In single cigarettes sold on a city sidewalk, in "not for individual sale" samples of drugs or beauty products hawked on the Internet, a gray economy blossoms all around us rerouting traditional channels of production and distribution. Krystal Languell's poems outline how individuals thrive and fail such shadowy markets: "When I was working 60 hours a week," she writes, "my dad seemed to like hearing about it." In a personal accounting of employment histories, relationships, workplaces and homes ("The known spaces/ that however fucked are familiar"), Languell records the colliding forces of economics, gender, and aesthetics. The vital poems in Gray Market reveal and rewire capitalism's circuits of shame and desire. "I am basically begging for it," Languell writes, "but it is/ the revolution not what you imagine I need."
– Susan Briante
author of The Market Wonders and Utopia Minus
I am hooked on Languell's poetry. Her startling shifts among registers of language; her acute prosody, and her savage plain-spokenness reveal not only a great poetic talent but a mind that inquiring people will want to keep close.
– Ann Starr
author of Starr Review and publisher of Upper Hand Press
Gray Market is an unauthorized communique from the pneumatic tubes of "tiny little workers without power" to the state, the agencies, the producers and consumers (of folly), and the people of the United States. Depending on who you are, you'll either feel antagonized or incredibly inspired to never again settle for the "stopgap sex act." The antagonized poet pushes back realizing she has (and we have) demanded too little. Krystal Languell's work makes me evermore committed to stay with her on the job, as Poet, where the job is to hack up shit language and redeploy it to make more room for the living.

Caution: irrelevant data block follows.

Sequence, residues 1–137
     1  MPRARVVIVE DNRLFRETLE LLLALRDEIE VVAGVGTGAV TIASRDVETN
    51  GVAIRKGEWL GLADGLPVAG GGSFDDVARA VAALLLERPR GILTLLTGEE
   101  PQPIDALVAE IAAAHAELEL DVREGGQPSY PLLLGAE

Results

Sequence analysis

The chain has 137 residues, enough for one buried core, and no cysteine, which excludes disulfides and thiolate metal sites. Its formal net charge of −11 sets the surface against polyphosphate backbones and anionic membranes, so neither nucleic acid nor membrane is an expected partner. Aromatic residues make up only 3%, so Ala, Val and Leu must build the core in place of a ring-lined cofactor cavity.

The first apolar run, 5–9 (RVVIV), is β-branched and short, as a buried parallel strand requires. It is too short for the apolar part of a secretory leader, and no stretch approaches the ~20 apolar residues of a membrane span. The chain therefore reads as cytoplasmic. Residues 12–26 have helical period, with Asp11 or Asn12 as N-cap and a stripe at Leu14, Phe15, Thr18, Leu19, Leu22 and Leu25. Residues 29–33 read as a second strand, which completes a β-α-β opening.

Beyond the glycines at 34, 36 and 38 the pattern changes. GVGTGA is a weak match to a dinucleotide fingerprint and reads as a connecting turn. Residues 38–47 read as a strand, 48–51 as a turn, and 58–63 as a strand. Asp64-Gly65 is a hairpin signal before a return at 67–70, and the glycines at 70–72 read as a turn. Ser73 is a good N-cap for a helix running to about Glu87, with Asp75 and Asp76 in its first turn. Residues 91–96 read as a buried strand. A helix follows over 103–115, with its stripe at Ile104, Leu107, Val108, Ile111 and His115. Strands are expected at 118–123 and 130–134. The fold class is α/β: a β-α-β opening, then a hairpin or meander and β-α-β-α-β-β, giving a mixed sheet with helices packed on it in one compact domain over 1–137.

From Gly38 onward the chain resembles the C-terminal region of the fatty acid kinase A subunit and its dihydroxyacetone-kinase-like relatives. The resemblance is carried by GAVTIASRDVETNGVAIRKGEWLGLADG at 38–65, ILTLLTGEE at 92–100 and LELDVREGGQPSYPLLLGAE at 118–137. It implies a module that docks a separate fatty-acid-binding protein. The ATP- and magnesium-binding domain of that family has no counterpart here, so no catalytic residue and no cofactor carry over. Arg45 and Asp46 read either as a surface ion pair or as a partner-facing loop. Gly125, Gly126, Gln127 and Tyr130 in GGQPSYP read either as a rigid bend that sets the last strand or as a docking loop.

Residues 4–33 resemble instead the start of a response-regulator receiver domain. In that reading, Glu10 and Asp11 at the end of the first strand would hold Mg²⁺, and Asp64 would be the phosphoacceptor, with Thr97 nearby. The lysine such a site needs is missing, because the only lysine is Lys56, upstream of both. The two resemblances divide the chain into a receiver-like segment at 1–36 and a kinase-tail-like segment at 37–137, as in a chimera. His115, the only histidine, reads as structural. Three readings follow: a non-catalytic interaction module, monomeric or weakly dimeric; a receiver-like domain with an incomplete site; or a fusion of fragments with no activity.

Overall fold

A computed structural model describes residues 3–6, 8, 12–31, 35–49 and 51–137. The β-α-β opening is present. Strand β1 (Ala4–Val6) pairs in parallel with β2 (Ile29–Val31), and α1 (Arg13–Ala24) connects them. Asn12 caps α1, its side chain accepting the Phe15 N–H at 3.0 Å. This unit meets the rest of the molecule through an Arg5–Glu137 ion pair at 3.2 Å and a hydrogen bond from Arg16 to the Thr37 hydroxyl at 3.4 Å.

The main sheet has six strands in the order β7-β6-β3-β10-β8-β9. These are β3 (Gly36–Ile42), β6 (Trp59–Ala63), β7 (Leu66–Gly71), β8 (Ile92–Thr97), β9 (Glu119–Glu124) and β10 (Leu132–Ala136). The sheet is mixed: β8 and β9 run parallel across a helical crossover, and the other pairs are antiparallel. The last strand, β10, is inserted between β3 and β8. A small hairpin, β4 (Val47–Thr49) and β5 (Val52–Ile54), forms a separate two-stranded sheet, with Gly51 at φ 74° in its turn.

– Stacy Szymaszek
author of Emptied of All Ships and Hyperglossia
In Krystal Languell's Gray Market an abject sensitivity bound up with a cracklin, observation-based diction and a nervy, existential wit unpredictably spreads across sharp-edged lines and turns. Languell's poems discretely change form based on the sounds, strands and shards of experience she collects and finds motion within. Those forms are never interchangeable, be they handling the deadpan bank ad's bad language or the seemingly endless array of paradoxical contortions our obsession with assessment demands we constantly perform. Consequently, a disarmingly approachable — and bluntly human — space gets made in this book, one filled with the force and scale of every day life.
– Anselm Berrigan
author of Come in Alone
Krystal Languell was born in South Bend, Indiana. She is the author of the books Call the Catastrophists (BlazeVox, 2011) and Gray Market (1913 Press, 2016) and the chapbooks Last Song (dancing girl press, 2014), Be a Dead Girl (Argos Books, 2014), Fashion Blast Quarter (Flying Object, 2014), Diamonds in the Flesh, a collaboration w/ Robert Alan Wendeborn, (Double Cross Press, 2015), and a collection of interviews, Archive Theft (Essay Press, 2015).
Development Director for Belladonna* Collaborative and publisher of the feminist poetry journal Bone Bouquet, she works as a freelance bookkeeper for small presses and an Adjunct Associate Professor in the Department of Humanities & Media Studies at Pratt Institute. Her poetry has won a 2013-2014 Poetry Project Emerge-Surface-Be fellowship and a 2014-2015 Lower Manhattan Cultural Council workspace residency. New work is forthcoming in American Poetry Review, Boston Review, Bayou Magazine and elsewhere.